What a difference a day makes. With sun and heat on Saturday, the opening day for the Super Chevy Show at U.S. 131 Dragway, thousands of enthusiasts flocked to the venerable racetrack in Martin, Michigan. There was heads-up action on the quarter-mile and plenty of perfect Bow-Ties on the car show field to examine.
But by Sunday morning, the sunglasses and sunscreen that were so necessary just 12 hours before were replaced by umbrellas and soggy car covers. The rain came and toyed with participants and the racetrack crew. Downpours would subside long enough for officials to attempt track-drying and car show participants to wipe down their rain-drenched Chevys; then repeat the futile process as Mother Nature cracked open a few more clouds. Racing was finally called off, but car show participants stuck it out, and judging and awards were completed between the showers.
"Well, the law of averages is bound to catch up with you," said Roger Gustin, father of the Super Chevy Show. "This was our 18th year at Martin. I can't remember the last time we had rain."
Eighteen years is a long time for any event, and it speaks to the dedication of area enthusiasts. In this rural part of western Michigan, Chicago is closer than Detroit and the Super Chevy Show attracts as many Windy City participants as those from the Motor City. Indiana isn't too far away, either, and the show field and pits are filled with Hoosiers, as well.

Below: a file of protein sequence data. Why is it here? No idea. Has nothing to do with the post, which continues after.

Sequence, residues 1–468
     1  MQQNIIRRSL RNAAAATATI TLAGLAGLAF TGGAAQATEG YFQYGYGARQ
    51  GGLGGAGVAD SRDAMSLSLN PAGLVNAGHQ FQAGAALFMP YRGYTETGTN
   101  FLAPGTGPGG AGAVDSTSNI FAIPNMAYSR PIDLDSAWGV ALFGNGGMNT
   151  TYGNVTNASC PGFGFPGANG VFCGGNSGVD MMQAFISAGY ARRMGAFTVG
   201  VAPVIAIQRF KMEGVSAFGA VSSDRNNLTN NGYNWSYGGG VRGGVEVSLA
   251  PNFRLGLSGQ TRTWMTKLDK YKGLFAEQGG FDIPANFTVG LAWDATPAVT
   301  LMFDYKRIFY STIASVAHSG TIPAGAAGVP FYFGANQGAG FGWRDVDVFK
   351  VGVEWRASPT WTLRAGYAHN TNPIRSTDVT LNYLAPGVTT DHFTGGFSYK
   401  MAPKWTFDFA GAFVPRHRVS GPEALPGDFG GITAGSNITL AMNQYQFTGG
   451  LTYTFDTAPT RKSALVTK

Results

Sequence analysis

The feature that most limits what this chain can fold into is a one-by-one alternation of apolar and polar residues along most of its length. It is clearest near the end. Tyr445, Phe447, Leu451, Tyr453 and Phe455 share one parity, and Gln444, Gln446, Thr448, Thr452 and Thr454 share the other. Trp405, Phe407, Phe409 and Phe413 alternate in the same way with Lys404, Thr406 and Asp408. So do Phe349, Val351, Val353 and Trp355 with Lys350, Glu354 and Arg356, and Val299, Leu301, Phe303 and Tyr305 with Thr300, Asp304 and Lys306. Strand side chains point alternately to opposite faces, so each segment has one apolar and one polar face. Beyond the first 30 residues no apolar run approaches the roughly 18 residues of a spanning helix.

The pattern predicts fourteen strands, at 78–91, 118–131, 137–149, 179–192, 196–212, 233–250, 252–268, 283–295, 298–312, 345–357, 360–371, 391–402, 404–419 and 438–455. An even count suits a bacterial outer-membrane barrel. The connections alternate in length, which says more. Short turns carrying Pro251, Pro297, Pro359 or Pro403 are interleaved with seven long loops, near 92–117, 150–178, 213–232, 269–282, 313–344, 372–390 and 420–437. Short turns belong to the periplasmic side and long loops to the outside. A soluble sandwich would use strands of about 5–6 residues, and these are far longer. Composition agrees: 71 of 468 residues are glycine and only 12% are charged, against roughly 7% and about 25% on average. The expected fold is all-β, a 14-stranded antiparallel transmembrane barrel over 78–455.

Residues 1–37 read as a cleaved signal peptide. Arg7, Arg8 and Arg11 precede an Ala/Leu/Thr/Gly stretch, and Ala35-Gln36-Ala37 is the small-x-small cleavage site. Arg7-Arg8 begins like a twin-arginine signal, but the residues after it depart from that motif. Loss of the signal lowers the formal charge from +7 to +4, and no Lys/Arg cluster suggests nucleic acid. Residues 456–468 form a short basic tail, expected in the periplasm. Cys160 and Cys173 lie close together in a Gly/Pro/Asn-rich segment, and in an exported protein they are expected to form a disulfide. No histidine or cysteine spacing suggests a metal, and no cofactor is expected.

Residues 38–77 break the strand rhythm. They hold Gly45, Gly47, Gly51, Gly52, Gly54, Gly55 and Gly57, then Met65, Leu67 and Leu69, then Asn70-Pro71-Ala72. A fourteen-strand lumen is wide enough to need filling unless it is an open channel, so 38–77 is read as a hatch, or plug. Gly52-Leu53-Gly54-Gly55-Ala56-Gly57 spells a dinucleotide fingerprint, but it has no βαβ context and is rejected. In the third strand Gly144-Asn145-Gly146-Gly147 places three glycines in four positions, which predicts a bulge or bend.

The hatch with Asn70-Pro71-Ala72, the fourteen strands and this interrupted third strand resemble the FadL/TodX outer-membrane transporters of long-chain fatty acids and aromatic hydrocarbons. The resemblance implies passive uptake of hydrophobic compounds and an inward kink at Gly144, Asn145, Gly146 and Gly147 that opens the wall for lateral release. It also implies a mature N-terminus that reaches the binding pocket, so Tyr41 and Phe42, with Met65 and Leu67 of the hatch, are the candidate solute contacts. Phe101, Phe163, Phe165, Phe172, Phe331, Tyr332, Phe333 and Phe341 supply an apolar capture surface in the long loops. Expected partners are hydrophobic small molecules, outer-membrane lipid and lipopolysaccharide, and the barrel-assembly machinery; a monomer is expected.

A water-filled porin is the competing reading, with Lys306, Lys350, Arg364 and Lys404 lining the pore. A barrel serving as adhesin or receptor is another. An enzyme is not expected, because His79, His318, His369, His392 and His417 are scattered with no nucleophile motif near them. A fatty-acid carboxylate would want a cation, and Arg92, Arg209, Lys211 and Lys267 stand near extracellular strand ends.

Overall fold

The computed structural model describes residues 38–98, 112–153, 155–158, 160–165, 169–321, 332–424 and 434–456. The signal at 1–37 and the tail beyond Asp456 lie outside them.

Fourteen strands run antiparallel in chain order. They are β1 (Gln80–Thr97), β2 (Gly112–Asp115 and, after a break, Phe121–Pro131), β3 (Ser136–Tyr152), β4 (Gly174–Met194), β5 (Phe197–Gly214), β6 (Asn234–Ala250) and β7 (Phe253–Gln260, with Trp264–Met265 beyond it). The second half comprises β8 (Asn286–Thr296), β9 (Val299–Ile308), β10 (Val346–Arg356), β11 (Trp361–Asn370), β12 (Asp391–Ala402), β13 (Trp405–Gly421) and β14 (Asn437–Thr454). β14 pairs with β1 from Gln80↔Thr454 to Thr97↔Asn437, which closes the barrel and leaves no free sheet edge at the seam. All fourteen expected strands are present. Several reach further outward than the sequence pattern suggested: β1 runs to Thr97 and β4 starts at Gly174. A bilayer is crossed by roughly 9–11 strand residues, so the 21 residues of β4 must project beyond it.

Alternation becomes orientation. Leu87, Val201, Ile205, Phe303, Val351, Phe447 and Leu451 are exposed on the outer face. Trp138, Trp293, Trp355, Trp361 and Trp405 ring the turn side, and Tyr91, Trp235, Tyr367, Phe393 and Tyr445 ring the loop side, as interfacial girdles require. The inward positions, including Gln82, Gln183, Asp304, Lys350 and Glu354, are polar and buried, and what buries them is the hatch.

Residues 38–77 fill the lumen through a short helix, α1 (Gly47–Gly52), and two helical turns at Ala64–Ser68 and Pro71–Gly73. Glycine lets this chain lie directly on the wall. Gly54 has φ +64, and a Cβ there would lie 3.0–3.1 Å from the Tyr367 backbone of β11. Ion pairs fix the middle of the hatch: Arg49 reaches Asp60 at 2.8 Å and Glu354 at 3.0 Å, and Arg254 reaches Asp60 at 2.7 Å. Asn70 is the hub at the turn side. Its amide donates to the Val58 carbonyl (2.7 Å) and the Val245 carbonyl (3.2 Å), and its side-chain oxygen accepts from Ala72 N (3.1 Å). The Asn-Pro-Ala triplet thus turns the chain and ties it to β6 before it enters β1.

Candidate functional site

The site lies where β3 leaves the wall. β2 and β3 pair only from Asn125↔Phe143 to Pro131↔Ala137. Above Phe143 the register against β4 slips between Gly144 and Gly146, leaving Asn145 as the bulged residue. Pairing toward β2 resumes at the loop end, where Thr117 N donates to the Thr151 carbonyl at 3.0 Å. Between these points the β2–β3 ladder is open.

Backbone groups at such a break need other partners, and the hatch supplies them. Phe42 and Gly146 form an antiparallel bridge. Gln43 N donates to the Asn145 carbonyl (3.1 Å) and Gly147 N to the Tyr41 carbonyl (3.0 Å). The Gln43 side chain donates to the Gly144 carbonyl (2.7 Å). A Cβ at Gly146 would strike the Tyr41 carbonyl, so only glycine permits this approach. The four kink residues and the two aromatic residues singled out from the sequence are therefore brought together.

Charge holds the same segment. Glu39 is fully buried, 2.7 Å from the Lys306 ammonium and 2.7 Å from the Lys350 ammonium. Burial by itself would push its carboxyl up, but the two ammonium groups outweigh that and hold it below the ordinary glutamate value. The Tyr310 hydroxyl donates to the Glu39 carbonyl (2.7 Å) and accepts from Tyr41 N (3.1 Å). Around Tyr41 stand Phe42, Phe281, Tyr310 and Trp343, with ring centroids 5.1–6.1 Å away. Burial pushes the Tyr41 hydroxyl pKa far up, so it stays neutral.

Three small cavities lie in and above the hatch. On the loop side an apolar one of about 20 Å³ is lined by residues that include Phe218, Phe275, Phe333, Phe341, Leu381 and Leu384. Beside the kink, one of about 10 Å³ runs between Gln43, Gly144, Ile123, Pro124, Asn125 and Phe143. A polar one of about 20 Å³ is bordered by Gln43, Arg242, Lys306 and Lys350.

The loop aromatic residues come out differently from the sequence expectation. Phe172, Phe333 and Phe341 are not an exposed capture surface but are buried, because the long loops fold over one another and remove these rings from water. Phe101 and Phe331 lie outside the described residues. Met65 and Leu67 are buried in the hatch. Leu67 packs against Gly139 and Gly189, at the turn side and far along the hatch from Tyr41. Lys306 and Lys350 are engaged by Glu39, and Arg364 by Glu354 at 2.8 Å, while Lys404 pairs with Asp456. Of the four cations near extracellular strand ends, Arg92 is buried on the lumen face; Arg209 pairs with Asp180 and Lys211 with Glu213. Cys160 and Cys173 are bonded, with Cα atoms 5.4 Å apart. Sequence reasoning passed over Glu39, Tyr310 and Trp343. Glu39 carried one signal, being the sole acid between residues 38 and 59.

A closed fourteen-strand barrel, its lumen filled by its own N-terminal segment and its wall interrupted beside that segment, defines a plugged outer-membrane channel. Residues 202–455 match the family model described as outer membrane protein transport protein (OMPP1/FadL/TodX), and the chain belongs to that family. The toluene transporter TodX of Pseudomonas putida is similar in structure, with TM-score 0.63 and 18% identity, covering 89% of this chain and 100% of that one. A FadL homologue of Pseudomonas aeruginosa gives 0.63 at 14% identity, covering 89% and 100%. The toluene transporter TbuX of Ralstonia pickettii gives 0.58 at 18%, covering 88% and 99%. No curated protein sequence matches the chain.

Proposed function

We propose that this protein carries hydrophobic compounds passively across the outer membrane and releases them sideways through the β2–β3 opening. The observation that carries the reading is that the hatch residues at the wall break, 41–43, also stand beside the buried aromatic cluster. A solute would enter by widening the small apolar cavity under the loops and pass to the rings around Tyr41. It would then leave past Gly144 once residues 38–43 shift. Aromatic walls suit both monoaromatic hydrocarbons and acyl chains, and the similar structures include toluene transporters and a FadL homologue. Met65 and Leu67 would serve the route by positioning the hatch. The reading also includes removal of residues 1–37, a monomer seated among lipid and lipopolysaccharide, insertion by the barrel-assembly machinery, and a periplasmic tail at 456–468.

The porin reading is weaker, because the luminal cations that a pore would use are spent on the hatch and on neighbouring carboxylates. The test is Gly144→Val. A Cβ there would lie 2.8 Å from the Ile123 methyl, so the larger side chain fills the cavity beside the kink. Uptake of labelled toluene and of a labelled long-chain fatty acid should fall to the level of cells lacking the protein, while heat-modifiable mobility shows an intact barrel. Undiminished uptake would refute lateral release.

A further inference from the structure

One of the Indiana faithful at Martin was Mike Roy. We were standing near the gate when he drove his '71 Monte Carlo onto the grounds. With its flat hood, we assumed the whine from underneath it was a gear drive. We were wrong. It was the whine of an ATI Procharger centrifugal supercharger.
Roy drove the Monte Carlo to the event from his Indiana home, but didn't park it in the show field. He drove straight to the pits, made a few adjustments and headed for the staging lanes. The heavy Chevy then proceeded to rip off mid-10-second quarter-miles all day.
"We can't stick around for Sunday," Roy told us. "We'll drive it back home tonight." The car's seemingly easy roles as both street car and 10-second stormer impressed us, so we gave it one of our Editor's Choice drag car awards.
But Roy's Monte wasn't the only big Chevy putting up big numbers on the boards. Phil Silardi's Detroit-based '71 Impala looked like a whale among dolphins in the staging lanes. But its 477-cube big-block helped propel the silver land yacht past many of the slimmer Chevys to 9.50 e.t.'s.
"All motor," Silardi says. "I've got a nitrous system, but haven't squeezed it yet."
The quick antics of these fullsize Bow-Ties were crowd pleasers, but nothing packs the stands like the announcement of Nitro Coupes. Veteran racers like Bill Kuhlman wowed the fans with mid-six-second runs, despite the funky air at U.S. 131 Dragway. Unfortunately, the great Nitro Coupe competition that was promised by Saturday's qualifying was killed off by Sunday's rain. Bummer.
With all this talk of racing, you'd think nothing was going on in the show field. You'd be wrong. Despite the inclement weather, some fine Chevys were on hand and shining...Well, at least they were shining on Saturday.
And rain or shine, the car owners were the bright spots in our weekend. We've gotten to know many of them over the years at Martin, and we enjoy the familiar faces every June.